The US Food and Drug Administration (FDA) has issued a final rule that sets out the criteria for concluding the use of a substance in human or animal food is “generally recognised as safe” (GRAS).
The rule, which the FDA said will “strengthen its oversight of food ingredients”, formalises a voluntary GRAS notification procedure originally established under an interim policy and pilot programme for human food in 1997 and animal food in 2010.
But campaigners have accused the FDA of “failing to live up to its responsibilities”.
The FDA said on Friday (12 August) experience had shown “streamlining our evaluation of conclusions of GRAS status will enable us to evaluate more, and higher priority, substances”.
“Unlike food additives, GRAS substances are not subject to FDA pre-market approval,” the FDA said. “However, they must meet the same safety standards as approved food additives.”
Under the rule, companies are required to submit “a narrative that provides the basis for your conclusion of GRAS status, including why the scientific data, information, methods, and principles described in the notice provide a basis for your conclusion that the notified substance is generally recognised, among qualified experts, to be safe under the conditions of its intended use”.
An FDA spokesperson told just-food today (15 August) that while the GRAS notification programme is voluntary, “it’s important to know GRAS only covers certain food ingredients”. The spokesperson said: “There are pre-market approval requirements for food additives and certain food contact materials under different FDA regulations. Also, the FDA can question the basis for any GRAS conclusion including those in which the FDA isn’t notified about the conclusion and take action as appropriate.”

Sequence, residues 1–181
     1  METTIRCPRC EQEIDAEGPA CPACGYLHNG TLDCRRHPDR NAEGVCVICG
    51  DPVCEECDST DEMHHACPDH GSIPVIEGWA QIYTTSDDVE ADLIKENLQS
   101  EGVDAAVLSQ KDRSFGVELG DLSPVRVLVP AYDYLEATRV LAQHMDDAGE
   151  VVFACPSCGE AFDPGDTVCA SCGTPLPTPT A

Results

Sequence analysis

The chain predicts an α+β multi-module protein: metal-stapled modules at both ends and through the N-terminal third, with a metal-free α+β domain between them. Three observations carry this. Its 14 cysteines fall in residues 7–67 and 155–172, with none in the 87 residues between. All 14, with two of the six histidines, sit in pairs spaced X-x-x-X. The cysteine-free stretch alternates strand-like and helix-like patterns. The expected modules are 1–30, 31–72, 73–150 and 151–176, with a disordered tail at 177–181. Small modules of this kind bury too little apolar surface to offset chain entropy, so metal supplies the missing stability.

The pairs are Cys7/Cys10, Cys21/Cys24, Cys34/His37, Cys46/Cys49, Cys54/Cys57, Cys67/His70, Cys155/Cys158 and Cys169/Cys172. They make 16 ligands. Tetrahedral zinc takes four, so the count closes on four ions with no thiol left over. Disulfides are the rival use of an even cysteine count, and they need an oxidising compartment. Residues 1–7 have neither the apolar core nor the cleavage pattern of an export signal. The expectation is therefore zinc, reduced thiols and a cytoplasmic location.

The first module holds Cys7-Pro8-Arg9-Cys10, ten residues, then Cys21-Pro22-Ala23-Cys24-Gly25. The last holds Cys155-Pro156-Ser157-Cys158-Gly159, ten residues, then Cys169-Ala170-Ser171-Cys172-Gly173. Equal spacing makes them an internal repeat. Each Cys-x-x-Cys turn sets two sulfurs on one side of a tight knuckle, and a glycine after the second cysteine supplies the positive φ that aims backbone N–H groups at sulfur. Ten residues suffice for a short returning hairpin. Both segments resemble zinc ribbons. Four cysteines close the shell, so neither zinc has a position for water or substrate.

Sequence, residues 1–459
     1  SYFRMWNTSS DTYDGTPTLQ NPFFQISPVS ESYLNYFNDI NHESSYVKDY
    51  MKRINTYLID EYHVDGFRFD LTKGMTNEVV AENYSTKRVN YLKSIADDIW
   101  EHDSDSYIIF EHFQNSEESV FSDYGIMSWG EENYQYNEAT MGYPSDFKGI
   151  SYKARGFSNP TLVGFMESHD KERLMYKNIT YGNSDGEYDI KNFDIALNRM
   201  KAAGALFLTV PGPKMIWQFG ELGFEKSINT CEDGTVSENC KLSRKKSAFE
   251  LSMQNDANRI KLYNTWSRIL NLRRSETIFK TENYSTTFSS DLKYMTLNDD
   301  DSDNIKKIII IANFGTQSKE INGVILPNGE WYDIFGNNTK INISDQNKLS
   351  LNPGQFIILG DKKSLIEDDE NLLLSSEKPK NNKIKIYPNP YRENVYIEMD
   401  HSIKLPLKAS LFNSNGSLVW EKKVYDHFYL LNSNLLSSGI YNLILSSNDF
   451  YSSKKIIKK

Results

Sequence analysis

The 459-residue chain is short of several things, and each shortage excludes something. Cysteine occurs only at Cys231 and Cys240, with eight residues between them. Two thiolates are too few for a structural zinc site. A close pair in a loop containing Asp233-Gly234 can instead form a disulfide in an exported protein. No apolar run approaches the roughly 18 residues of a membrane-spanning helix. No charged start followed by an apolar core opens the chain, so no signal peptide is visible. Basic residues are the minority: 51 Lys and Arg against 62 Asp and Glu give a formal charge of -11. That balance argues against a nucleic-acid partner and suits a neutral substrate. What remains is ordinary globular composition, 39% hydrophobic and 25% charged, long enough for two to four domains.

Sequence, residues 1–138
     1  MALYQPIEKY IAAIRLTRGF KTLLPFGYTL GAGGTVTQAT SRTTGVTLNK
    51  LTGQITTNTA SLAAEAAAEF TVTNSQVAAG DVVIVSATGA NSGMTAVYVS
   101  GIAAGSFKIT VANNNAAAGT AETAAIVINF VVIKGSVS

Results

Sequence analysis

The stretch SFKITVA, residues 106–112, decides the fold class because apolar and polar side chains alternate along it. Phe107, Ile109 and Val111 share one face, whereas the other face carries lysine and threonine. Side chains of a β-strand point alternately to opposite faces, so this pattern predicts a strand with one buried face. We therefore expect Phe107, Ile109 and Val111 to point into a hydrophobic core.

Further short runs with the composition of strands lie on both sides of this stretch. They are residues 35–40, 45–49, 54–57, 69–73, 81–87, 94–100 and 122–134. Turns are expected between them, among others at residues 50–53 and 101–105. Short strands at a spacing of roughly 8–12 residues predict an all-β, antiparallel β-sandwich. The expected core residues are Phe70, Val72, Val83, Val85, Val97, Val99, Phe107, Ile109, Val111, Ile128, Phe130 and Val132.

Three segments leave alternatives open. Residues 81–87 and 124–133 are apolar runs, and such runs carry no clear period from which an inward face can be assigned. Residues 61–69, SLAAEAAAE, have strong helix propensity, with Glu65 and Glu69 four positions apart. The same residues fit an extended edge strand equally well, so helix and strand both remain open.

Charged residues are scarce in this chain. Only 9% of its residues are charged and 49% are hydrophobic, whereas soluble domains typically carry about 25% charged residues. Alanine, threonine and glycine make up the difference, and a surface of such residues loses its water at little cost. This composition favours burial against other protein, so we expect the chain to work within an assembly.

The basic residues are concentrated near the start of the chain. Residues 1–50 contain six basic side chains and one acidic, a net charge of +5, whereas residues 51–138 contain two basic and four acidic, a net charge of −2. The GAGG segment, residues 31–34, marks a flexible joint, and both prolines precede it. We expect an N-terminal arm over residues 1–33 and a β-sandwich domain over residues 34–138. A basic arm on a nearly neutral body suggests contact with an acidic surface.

The issuance of the rule follows a commitment made by the FDA following a legal tussle with campaigners aimed at closing a “loophole” in regulations on food additives and bringing the rules in line with policies first drawn up more than 50 years ago. In October 2014, in settling a lawsuit, the FDA said it would finalise the rules in the summer of 2016.
However, Jessica Almy, the deputy director of nutrition policy at US consumer group Center for Science in the Public Interest, said: “Decisions about the safety of substances in our food supply should be transparent and unbiased. However, today’s rule gives companies a green light to make decisions about which substances are GRAS and can be added to foods – without even informing the FDA.”
Almy said the new rule “also fails to ensure that the experts that make these decisions do not have conflicts of interest”. She added: “The FDA should not allow companies to make secret, potentially biased determinations about which substances are safe enough for American families. CSPI is sorely disappointed by the agency’s action.”
The US Environmental Defense Fund (EDF ) said the FDA’s move was “a lost opportunity to close a widely-abused loophole that allows chemicals to be approved for use in food with no notification to or review by FDA”.
EDF said: “The rule allows the industry to continue making secret decisions about what we eat without the agency’s – or the public’s – knowledge. The agency has the legal authority to significantly narrow the GRAS loophole to prevent companies from deliberately avoiding FDA’s safety review process.”